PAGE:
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Charges Are Dropped in Deadly Scrap-Yard Blast

Court: Judge sides with defense, which said expert did not know live munitions were among disposed materiel.

November 08, 1998|ERIC LICHTBLAU | TIMES STAFF WRITER

Military munitions expert Timothy Collister walked into a courtroom in San Bernardino on Friday expecting to learn the date for his murder trial in connection with a 1997 explosion that killed a scrap-yard worker. Instead, Collister walked out a free man.

The judge surprised many in the courtroom by throwing out murder and manslaughter charges against Collister, siding with defense attorneys who argued that Collister should not be held criminally liable for failing to prevent the tragedy.

"I'm terrifically relieved. I hoped and prayed that it would go this way," said Collister, a 57-year-old Vietnam veteran who lives in Victorville. "This has messed up my life for the last year. . . . Now I just want to get my life back together for me and my family."

The charges against Collister stemmed from the March 18, 1997, death of Martin Mendoza, a worker at a Fontana scrap metal yard who was killed while trying to dismantle what he thought was an inert military shell. Instead, the antitank shell--containing the equivalent of more than two pounds of TNT--blew up and killed the 22-year-old instantly.

The shell was among 1.4 million pounds of scraps that had been discarded by the Army's Ft. Irwin training center near Barstow and sold to Dick's Auto Wreckers for recycling. Collister, an ordnance specialist with the Air Force for 20 years, was the on-site manager for a civilian contractor at Ft. Irwin that was supposed to flag live munitions and clear the rest.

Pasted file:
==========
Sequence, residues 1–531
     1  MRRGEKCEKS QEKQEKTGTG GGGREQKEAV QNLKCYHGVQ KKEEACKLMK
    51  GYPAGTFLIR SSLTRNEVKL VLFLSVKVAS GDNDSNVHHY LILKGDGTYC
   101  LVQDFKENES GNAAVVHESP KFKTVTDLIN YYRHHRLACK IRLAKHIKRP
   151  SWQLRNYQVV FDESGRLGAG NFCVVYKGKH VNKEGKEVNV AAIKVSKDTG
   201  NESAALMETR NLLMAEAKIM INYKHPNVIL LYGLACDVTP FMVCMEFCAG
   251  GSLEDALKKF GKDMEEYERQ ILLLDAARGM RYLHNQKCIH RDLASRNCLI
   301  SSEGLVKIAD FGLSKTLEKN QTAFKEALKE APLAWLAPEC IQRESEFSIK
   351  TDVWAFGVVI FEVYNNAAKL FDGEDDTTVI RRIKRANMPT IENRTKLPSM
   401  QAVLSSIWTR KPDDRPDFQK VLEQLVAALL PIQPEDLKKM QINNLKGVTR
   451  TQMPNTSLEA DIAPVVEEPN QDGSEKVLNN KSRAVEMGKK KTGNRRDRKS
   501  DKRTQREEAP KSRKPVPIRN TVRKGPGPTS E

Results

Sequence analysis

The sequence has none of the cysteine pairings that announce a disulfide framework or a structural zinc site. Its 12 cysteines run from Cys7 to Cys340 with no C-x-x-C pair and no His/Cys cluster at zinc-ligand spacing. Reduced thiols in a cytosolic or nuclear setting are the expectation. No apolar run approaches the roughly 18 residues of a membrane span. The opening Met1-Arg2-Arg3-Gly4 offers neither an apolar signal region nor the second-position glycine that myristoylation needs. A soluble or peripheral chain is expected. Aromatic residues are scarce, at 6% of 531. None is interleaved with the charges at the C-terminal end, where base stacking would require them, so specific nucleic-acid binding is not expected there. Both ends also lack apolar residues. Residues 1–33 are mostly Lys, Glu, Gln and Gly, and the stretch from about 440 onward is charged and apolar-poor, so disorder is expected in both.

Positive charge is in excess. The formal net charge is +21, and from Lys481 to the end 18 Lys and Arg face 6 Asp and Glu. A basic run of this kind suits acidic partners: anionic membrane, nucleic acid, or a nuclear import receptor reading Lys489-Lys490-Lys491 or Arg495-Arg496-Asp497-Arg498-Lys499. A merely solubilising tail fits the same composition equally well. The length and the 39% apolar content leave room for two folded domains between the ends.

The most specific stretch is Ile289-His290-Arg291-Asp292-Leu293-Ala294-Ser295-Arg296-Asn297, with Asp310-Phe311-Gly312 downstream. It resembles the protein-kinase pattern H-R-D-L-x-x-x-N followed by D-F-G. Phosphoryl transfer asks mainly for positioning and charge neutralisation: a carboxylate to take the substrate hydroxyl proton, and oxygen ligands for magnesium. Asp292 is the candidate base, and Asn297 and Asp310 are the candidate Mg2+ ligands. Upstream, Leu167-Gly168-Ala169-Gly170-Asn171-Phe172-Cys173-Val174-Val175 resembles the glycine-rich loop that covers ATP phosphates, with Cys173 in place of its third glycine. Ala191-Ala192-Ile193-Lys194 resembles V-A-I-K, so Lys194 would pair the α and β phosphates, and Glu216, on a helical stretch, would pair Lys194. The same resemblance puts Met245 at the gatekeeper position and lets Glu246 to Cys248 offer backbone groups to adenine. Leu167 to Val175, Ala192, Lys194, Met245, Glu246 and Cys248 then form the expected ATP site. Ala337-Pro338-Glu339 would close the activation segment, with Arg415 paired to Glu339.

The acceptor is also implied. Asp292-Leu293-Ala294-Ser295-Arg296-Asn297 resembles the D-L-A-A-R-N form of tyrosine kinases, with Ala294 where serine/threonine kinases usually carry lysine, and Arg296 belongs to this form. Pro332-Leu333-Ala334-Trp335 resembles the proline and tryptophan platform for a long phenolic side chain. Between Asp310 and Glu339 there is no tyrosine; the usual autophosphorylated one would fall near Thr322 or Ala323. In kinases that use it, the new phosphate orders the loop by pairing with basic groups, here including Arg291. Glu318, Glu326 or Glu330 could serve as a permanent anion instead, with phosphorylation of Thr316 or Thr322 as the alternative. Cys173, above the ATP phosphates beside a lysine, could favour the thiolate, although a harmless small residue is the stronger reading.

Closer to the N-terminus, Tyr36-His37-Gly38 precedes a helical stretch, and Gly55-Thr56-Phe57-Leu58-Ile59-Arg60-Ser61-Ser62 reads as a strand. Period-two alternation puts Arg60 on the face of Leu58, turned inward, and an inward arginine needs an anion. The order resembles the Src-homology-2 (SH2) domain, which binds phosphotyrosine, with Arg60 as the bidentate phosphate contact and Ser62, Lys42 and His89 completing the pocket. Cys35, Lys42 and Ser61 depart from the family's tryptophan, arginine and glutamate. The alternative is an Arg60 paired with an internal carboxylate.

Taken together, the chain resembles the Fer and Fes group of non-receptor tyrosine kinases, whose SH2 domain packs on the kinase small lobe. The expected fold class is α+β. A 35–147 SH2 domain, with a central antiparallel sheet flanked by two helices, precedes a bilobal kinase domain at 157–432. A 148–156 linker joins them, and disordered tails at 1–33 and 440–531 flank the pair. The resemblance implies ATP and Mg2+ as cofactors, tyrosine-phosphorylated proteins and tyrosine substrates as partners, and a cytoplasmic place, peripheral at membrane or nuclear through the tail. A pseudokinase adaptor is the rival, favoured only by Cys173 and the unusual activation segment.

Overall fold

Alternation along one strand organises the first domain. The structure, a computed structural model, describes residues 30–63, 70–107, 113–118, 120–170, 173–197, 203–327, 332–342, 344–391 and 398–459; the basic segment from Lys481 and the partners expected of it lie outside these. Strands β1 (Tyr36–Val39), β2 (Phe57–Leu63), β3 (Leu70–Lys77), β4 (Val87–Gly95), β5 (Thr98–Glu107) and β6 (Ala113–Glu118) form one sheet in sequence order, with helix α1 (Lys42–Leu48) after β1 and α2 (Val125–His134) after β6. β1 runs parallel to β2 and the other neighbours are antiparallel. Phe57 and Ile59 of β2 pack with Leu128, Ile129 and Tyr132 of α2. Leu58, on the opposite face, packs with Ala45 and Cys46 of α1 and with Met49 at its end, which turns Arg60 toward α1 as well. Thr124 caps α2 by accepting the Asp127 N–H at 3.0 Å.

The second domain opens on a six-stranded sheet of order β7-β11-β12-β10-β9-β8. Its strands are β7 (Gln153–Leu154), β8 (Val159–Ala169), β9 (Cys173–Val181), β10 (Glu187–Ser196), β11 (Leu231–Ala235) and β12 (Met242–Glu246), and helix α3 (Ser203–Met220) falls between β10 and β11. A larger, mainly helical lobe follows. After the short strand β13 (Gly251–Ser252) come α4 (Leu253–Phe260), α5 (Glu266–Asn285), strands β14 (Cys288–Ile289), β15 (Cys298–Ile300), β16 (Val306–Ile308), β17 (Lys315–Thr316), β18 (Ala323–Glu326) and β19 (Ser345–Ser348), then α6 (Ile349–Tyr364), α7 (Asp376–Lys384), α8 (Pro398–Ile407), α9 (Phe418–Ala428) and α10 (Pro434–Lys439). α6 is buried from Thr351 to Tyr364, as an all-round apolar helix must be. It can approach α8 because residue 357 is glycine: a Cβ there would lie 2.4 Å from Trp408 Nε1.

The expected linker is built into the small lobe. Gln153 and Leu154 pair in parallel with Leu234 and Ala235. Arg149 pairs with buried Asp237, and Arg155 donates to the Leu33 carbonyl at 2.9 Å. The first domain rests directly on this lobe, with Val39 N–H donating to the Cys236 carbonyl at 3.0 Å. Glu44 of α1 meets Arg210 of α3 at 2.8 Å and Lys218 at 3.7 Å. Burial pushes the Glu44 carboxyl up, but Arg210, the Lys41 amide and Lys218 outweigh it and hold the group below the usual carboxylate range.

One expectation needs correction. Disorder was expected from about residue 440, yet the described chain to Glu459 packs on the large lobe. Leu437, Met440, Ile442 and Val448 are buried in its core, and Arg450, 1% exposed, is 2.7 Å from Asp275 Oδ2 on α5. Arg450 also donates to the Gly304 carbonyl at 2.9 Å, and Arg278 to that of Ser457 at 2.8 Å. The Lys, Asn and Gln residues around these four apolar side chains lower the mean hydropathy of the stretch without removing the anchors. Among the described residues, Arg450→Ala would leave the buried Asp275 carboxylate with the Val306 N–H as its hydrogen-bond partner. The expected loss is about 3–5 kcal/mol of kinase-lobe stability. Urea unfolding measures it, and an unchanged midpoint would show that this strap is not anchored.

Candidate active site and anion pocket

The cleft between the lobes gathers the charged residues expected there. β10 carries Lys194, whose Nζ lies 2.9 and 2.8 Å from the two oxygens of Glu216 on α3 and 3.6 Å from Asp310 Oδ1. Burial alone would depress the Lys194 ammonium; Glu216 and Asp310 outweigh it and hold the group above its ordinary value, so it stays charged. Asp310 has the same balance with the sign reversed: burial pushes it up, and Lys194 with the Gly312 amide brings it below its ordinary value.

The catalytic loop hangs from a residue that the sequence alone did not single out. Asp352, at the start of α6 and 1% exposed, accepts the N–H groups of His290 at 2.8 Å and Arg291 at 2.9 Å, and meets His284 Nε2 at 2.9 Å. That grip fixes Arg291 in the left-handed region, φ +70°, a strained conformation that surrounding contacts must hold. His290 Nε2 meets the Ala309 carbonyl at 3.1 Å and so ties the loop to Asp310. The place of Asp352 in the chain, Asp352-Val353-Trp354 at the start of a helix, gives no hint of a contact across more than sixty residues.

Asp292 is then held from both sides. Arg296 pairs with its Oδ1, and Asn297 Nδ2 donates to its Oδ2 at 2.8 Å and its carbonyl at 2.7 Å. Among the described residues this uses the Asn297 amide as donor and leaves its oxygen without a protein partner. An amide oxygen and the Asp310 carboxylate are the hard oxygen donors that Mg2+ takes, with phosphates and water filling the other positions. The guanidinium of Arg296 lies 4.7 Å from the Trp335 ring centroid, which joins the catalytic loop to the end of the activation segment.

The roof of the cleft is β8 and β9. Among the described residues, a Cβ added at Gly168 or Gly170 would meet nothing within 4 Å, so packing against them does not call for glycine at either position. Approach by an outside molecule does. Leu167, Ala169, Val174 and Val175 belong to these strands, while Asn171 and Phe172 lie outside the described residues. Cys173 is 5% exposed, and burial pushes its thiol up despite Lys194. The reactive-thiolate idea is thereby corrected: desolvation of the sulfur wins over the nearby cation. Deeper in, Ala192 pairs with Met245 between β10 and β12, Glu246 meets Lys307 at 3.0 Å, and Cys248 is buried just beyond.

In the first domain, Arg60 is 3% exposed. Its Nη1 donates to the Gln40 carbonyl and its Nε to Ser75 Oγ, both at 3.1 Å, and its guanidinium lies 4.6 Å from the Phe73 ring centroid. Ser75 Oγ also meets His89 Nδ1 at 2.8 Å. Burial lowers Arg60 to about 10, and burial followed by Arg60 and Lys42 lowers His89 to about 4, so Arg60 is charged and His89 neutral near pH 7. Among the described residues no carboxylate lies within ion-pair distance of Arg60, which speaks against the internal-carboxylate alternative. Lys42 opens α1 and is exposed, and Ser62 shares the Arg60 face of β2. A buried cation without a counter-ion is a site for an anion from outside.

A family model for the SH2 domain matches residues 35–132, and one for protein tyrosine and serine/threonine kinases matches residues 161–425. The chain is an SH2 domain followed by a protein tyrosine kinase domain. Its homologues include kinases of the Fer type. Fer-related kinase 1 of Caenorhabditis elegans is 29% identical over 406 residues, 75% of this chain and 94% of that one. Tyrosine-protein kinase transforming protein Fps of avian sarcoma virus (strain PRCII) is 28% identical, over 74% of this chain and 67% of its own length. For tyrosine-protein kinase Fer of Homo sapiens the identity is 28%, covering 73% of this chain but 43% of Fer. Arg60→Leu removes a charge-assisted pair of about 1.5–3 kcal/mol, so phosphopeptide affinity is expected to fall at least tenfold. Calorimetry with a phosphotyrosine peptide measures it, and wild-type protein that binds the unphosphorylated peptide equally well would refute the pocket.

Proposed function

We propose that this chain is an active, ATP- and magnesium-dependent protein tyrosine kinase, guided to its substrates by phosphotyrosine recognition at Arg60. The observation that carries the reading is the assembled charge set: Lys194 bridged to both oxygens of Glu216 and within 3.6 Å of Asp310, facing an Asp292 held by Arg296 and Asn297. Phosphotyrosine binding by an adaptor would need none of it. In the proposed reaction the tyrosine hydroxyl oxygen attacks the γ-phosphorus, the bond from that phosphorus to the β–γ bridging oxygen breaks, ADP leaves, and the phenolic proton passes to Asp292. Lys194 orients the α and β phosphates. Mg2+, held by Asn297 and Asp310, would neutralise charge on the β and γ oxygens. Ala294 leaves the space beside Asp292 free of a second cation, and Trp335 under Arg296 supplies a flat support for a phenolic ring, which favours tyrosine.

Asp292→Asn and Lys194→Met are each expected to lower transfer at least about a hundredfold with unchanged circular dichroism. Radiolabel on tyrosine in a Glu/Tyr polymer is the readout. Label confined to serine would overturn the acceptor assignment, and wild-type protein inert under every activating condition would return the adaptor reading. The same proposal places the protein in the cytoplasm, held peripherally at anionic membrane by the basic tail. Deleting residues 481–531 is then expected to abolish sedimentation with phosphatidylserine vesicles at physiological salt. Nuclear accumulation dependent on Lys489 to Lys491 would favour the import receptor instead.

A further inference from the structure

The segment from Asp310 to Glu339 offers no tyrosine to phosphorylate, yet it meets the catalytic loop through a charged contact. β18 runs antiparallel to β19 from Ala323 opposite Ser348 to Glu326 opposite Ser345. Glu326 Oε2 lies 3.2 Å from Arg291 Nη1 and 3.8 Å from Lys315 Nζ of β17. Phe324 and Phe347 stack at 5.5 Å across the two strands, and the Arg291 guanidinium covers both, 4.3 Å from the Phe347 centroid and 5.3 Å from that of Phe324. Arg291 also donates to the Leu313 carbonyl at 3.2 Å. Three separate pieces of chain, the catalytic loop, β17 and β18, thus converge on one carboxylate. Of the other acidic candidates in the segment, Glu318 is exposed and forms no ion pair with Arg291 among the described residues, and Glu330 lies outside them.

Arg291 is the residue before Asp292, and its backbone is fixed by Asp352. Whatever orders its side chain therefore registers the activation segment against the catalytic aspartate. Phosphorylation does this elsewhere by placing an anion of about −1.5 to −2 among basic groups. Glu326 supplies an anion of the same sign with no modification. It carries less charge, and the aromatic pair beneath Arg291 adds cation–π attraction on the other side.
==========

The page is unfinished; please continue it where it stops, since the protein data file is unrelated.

After Mendoza's death, investigators cautiously combed through the heap at the scrap yard and found 55 other military pieces that were deemed "explosive" and never should have been transferred off the base, authorities said.

Collister was arrested on a charge of second-degree murder in November 1997. Four months ago, defense attorney James Blatt persuaded a judge to drop the murder charge, leaving Collister to face only an involuntary manslaughter charge.

The district attorney's office refiled the murder charge and went to court Friday to find out when it could start trial. Instead, Superior Court Judge Brian S. McCarville threw out the charges.

Blatt said the judge seemed persuaded by the earlier court's finding at the preliminary hearing that there was no evidence to suggest that Collister knew there were live explosives among the scraps sent to the yard. And Collister had followed a set procedure in signing a declaration asserting that the material was safe as best he knew, the lower court found.

Disappointed prosecutors may decide to refile charges or appeal the decision, said Deputy Dist. Atty. Charles Umeda.

"Certainly it was a surprise to me how the judge ruled," Umeda said.

"I believe there was sufficient evidence that the case should have been allowed to go to a jury to decide," he said. "The evidence would show that Mr. Collister was the person in charge of the facility at the time the live munitions left the [Ft. Irwin] compound, and he had overall responsibility. A higher degree of care should have been exercised."

But defense attorney Blatt maintained in an interview that Collister has been made "a scapegoat" for the military's own liability because the Army tried to rush through the munitions cleanup.

McCarville's decision "was a great victory for us," he said. "It was a moment of just tremendous relief and jubilation."

Collister and other parties in the incident still face civil lawsuits brought by the victim's family. The Mendoza family's attorney could not be reached for comment.

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